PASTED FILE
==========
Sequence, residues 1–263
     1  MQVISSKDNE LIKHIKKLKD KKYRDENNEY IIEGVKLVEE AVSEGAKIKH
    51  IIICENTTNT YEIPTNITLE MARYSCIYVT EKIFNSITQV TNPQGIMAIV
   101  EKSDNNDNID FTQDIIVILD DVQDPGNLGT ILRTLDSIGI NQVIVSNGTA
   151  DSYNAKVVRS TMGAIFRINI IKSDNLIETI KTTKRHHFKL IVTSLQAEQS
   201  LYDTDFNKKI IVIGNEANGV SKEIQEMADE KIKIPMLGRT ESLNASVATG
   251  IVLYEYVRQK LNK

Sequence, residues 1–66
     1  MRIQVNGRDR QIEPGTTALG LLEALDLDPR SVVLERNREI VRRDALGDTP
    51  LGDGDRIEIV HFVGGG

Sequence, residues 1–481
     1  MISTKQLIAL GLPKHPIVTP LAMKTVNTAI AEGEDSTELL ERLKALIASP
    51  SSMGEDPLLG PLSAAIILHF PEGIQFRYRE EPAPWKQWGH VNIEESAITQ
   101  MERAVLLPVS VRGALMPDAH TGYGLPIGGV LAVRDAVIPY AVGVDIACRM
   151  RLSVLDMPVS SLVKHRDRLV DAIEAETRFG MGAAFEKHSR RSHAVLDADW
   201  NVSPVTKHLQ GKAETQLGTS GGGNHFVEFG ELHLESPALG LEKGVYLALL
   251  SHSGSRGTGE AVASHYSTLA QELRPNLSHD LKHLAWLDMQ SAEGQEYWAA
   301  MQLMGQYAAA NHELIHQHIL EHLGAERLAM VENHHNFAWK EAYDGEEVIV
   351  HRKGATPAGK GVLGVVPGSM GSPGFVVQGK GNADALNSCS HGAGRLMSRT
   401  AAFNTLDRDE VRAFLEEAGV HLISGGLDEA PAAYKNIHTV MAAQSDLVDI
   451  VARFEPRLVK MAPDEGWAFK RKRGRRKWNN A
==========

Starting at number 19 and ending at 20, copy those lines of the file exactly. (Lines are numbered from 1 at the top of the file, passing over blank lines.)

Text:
   351  HRKGATPAGK GVLGVVPGSM GSPGFVVQGK GNADALNSCS HGAGRLMSRT
   401  AAFNTLDRDE VRAFLEEAGV HLISGGLDEA PAAYKNIHTV MAAQSDLVDI